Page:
$ sudo sshfs -o allow_other,IdentityFile=~/.ssh/id_rsa tecmint@x.x.x.x:/home/tecmint/ /mnt/tecmint     [On <strong>Debian</strong>/<strong>Ubuntu</strong> based systems]

Step 4: Verifying Remote Filesystem is Mounted

If you have run the above command successfully without any errors, you will see the list of remote files and directories mounted under /mnt/tecmint.

# cd /mnt/tecmint
# ls
[root@ tecmint]# ls
12345.jpg                       ffmpeg-php-0.6.0.tbz2                Linux                                           news-closeup.xsl     s3.jpg
cmslogs                         gmd-latest.sql.tar.bz2               Malware                                         newsletter1.html     sshdallow
epel-release-6-5.noarch.rpm     json-1.2.1                           movies_list.php                                 pollbeta.sql
ffmpeg-php-0.6.0                json-1.2.1.tgz                       my_next_artical_v2.php                          pollbeta.tar.bz2

Step 5: Checking Mount Point with df -hT Command

If you run df -hT command you will see the remote file system mount point.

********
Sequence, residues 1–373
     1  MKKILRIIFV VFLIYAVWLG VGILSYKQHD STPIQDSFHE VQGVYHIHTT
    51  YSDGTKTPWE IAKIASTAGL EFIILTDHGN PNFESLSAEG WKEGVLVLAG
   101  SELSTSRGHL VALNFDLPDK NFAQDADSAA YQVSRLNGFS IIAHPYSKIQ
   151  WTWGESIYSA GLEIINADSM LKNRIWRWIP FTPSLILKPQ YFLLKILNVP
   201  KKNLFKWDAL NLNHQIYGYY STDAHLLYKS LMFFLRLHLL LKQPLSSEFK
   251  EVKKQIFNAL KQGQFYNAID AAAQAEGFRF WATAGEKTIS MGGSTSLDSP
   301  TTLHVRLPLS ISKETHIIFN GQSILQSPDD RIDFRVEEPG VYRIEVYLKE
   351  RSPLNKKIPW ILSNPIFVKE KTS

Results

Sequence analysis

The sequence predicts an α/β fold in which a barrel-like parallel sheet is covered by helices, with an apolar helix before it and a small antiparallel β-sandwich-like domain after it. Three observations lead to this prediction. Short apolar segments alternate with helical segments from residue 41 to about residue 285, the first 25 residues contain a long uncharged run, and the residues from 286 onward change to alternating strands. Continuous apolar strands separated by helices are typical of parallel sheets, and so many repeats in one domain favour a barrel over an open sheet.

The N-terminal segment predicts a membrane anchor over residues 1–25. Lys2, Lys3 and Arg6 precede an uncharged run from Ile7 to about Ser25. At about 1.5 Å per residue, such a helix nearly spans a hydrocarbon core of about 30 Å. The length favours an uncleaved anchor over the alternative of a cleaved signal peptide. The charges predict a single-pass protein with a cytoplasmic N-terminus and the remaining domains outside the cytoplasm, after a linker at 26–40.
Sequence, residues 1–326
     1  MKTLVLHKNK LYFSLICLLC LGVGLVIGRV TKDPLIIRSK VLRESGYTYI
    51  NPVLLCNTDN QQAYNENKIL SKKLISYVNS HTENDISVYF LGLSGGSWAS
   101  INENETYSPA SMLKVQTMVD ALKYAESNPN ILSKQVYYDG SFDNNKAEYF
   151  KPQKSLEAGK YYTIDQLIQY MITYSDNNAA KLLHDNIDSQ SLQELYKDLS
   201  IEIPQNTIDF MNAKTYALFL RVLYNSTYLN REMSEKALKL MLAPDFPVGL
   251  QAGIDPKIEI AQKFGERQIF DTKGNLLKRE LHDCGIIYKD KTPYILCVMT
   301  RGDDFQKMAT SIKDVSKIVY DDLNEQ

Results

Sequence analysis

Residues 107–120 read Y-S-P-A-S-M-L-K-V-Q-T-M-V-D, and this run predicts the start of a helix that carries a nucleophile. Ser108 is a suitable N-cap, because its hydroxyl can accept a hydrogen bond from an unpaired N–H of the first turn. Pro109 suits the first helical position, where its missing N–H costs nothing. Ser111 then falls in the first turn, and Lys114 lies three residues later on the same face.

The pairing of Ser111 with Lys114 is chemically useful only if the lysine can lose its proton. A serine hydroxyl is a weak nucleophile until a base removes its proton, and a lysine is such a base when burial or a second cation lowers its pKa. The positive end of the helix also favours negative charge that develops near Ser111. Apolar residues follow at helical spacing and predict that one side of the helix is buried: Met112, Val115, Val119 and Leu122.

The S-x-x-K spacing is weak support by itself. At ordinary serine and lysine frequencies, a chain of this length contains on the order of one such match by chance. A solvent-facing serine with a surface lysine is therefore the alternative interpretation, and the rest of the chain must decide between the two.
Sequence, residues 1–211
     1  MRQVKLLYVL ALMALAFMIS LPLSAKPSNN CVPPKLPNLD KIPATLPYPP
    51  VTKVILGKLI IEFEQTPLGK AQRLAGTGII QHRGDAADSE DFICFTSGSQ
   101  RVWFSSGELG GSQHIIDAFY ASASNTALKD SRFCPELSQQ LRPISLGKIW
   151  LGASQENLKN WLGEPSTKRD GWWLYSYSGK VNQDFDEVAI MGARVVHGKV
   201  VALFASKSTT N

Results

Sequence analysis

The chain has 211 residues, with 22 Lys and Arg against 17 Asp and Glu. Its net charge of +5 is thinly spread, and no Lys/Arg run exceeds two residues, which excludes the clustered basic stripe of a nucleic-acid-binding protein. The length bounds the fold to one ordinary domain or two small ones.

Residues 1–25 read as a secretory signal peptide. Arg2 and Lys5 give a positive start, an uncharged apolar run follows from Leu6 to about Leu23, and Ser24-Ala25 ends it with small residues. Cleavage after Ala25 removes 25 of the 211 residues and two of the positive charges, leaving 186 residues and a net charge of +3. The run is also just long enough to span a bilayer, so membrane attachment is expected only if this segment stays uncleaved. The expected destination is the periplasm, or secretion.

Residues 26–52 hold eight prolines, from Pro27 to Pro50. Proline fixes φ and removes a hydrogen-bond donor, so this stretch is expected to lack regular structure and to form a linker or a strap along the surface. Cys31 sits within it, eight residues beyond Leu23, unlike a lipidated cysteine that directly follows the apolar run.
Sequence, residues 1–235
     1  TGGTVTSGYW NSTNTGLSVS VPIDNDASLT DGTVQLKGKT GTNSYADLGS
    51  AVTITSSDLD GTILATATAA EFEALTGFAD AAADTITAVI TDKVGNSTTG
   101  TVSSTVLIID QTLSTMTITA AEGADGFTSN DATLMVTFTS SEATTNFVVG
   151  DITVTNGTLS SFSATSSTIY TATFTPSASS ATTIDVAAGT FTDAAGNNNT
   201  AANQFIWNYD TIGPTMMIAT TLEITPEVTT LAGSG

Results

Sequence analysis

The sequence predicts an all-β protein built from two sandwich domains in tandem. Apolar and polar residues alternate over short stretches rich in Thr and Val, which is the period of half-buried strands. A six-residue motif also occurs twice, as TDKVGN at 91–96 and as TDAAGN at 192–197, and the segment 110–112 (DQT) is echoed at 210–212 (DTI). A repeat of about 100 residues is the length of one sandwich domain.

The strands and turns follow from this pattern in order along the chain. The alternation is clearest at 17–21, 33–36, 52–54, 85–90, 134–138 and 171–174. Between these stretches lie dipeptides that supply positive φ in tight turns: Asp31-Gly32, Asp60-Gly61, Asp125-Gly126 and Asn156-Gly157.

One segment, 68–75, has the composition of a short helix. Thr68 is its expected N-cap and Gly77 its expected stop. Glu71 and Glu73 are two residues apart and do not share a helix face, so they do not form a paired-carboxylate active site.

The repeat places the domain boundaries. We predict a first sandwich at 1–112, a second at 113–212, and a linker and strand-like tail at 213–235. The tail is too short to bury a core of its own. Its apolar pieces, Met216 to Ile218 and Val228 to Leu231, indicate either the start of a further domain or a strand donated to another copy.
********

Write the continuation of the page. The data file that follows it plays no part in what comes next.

# df -hT
Sample Output
Filesystem                          Type        Size  Used Avail Use% Mounted on
udev                                devtmpfs    730M     0  730M   0% /dev
tmpfs                               tmpfs       150M  4.9M  145M   4% /run
/dev/sda1                           ext4         31G  5.5G   24G  19% /
tmpfs                               tmpfs       749M  216K  748M   1% /dev/shm
tmpfs                               tmpfs       5.0M  4.0K  5.0M   1% /run/lock
tmpfs                               tmpfs       749M     0  749M   0% /sys/fs/cgroup
tmpfs                               tmpfs       150M   44K  150M   1% /run/user/1000
<strong>tecmint@192.168.0.102:/home/tecmint fuse.sshfs  324G   55G  253G  18% /mnt/tecmint</strong>

Step 6: Mounting Remote Filesystem Permanently

To mount remote filesystem permanently, you need to edit the file called /etc/fstab. To do, open the file with your favorite editor.

# vi /etc/fstab
$ sudo vi /etc/fstab     [On <strong>Debian</strong>/<strong>Ubuntu</strong> based systems]         

Go to the bottom of the file and add the following line to it and save the file and exit. The below entry mount remote server file system with default settings.

sshfs#tecmint@x.x.x.x:/home/tecmint/ /mnt/tecmint fuse.sshfs defaults 0 0

Make sure you’ve SSH Passwordless Login in place between servers to auto mount filesystem during system reboots..

If your server is configured with SSH key based authorization, then add this line:

sshfs#tecmint@x.x.x.x:/home/tecmint/ /mnt/tecmint fuse.sshfs IdentityFile=~/.ssh/id_rsa defaults 0 0

Next, you need to update the fstab file to reflect the changes.

# mount -a
$ sudo mount -a   [On <strong>Debian</strong>/<strong>Ubuntu</strong> based systems]

Step 7: Unmounting Remote Filesystem

To unmount remote filesystem, just issue the following command it will unmount the remote file system.

# umount /mnt/tecmint